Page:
State Member for Barwon, Roy Butler. Image Credit: www.roybutler.com.au

ROY BUTLER HAS HIS SAY

By Melissa Blewitt

State Member for Barwon, Roy Butler, of which Condobolin and the Lachlan Shire are a part of, wrote to the Inquiry in an attempt to highlight the health care needs of his electorate.

“I write to regarding Portfolio Committee No.2 – Health’s Inquiry into health outcomes and access to health and hospital services in rural, regional and remote New South Wales,” he put in his cover letter to the Inquiry.

“The electorate of Barwon is unique in many ways, it is the largest electorate in the State by many hundreds of square kilometres, it has 13 Local Government Areas and the Unincorporated Area, 72 schools and 27 hospitals and multi-purpose services across 4 Local Health Districts.

“It is the state of these hospital services, that has kept me up at night – passionate, yet overworked staff, stripped back services, Ambo’s driving for hours to get people to a bigger centre and sadly the fact that some communities have lost faith that the hospital will be able to help them in their time of need.

“Twenty years ago, the average life expectancy of someone living in far western NSW was 80.2 years, compared to 78.2 in Sydney at the time.

“Data released by NSW Health in 2016 shows the scenario has now totally flipped, with people in Sydney likely to live to 85.3 while life expectancy for those in communities in Barwon has decreased to 78.8.

“This decline did not happen overnight and did not happen without the NSW Government’s awareness.

“The health system is one of the most monitored in the world, the decline in the health of people in rural, regional and remote NSW has been reported on, it is time the Government acted to reverse these statistics,” his letter concluded.

In his submission, he also wrote: The Australian Institute of Health and Welfare (AIHW) sums up the city country health divide by saying “All is not equal” in its review of Australia’s health. This report goes on to state that people living in rural and remote areas experience poorer health outcomes compared to people in major cities.”

“It would be totally unsatisfactory to the people I represent for this inquiry to produce a report that rehashes what they already know from their own experiences and that has already been presented to the Government through the sources outlined previously,” he went on to say.

“People in rural, regional and remote NSW are tired of the system seemingly neglecting their needs and putting the issue of appropriate health care in the ‘too hard basket’.

“Recommendations from this inquiry that propose, systemic, drastic change is the only satisfactory outcome. We are beyond tinkering on the edges. People in rural, regional and remote NSW understand that and have developed a deep understanding that the change that is required won’t be instantaneous and will take time to implement.

“What needs to change in the bush to achieve better health outcomes for people will not be a simple one sized fits all solution, and an answer won’t be found by looking at a checklist of the health services that are and aren’t available in a town, the problem is much broader than that.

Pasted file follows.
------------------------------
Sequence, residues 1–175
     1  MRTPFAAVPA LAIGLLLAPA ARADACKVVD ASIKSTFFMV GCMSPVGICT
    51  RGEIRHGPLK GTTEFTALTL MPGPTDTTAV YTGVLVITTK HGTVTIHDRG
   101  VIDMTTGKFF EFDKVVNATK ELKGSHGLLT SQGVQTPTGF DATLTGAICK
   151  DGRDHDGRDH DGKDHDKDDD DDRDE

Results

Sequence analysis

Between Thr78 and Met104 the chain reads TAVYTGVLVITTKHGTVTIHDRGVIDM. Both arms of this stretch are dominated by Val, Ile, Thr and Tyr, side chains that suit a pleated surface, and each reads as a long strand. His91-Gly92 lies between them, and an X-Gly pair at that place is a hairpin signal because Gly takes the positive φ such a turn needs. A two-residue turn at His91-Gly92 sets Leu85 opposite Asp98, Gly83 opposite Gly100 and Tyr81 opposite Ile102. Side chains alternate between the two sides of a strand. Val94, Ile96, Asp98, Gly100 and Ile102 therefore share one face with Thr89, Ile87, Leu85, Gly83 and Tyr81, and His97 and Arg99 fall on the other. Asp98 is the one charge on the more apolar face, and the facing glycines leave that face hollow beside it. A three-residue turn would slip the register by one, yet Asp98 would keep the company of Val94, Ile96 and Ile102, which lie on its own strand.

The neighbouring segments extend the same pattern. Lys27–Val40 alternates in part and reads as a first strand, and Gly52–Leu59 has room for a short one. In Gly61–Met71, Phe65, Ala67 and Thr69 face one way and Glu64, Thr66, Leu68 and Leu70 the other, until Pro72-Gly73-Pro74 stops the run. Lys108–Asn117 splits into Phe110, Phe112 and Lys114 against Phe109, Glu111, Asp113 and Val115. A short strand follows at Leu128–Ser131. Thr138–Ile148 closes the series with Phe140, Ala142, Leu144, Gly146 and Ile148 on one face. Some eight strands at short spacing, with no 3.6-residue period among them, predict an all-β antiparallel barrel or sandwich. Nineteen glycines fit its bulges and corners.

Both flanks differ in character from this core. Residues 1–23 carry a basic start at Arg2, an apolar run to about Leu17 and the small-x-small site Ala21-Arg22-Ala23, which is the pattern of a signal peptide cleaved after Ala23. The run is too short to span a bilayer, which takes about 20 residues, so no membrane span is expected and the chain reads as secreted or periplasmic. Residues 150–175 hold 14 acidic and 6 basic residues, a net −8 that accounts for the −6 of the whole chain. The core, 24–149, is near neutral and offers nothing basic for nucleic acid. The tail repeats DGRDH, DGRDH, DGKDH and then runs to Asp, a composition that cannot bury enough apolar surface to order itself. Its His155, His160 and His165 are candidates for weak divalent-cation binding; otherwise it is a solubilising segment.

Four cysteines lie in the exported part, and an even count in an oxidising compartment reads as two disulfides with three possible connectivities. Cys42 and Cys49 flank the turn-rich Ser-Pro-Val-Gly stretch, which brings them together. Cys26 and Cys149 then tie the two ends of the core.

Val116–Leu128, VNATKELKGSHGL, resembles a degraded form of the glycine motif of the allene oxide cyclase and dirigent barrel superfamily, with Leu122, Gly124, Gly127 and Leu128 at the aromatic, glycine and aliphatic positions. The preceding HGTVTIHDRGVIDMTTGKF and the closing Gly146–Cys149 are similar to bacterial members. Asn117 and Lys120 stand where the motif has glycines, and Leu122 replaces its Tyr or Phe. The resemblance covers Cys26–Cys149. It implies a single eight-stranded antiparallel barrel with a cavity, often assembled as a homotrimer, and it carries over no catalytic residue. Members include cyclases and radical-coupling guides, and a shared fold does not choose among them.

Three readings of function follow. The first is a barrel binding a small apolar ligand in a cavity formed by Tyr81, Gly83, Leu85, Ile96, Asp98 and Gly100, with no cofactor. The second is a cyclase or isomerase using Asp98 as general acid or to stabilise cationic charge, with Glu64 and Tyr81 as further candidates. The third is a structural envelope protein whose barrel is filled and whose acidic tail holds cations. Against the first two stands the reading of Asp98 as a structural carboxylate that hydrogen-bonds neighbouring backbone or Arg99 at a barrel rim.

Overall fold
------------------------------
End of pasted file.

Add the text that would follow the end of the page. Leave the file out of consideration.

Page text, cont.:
“Health service planning in my opinion fails to see people, and the needs of people and how those plans will impact lives.

“I have met on a number of occasions senior bureaucrats in the Local Health Districts across Barwon to discuss health needs in my communities. Often it is me approaching them because my team has identified a demand for a service in a particular town.

“Take for instance the need for renal dialysis chairs, chemotherapy chairs, cardiac clinics, or more aged care beds. We’re often told they need to run the numbers and then that the demand isn’t high enough, the cost is too great. Now I understand that I have had to balance budgets before in the public sector, I understand the pressure.

“But I don’t see the budget pressures when it comes to health. I see a system that says we need 9 people in this community to need renal dialysis before we look to setting up a unit in the town, but we’ve only got 7 so they’ll have to keep loading themselves into the car 3 times a week, paying for fuel, spending hours on the road and a whole day out of town. Now is that a life well lived?

“Is that a system that looks and sees people? Or is a system that looks at ‘minimum viable numbers’ and spreadsheets and cost benefit ratios? Isn’t health care about simply that care?

“We in the bush aren’t asking for a full trauma centre in every town, or large cancer centres every 100kms, but what we are asking for is the system to stop looking through a lens of ‘minimum numbers’ that are based on the metropolitan areas. The numbers in the bush will always balance out to be cost of delivery higher, number of users lower. But those users are people, and they have families.

“In the bush, we want to be able to have babies at our local hospital, because that’s where generations of our family were born. We want our kid’s growth and development checked on by someone we know and trust. We want health advice delivered to us in person not over a computer screen. We want our parents and grandparents to be able to live safely in their hometowns with access to doctors. We want our nurses to be able to go to work and be safe and supported. We want our paramedics to be not be burnt out by overtime.

“We don’t want more avoidable deaths. We want to trust the health system again,” his submission concluded.

Last Updated: 14/04/2021By

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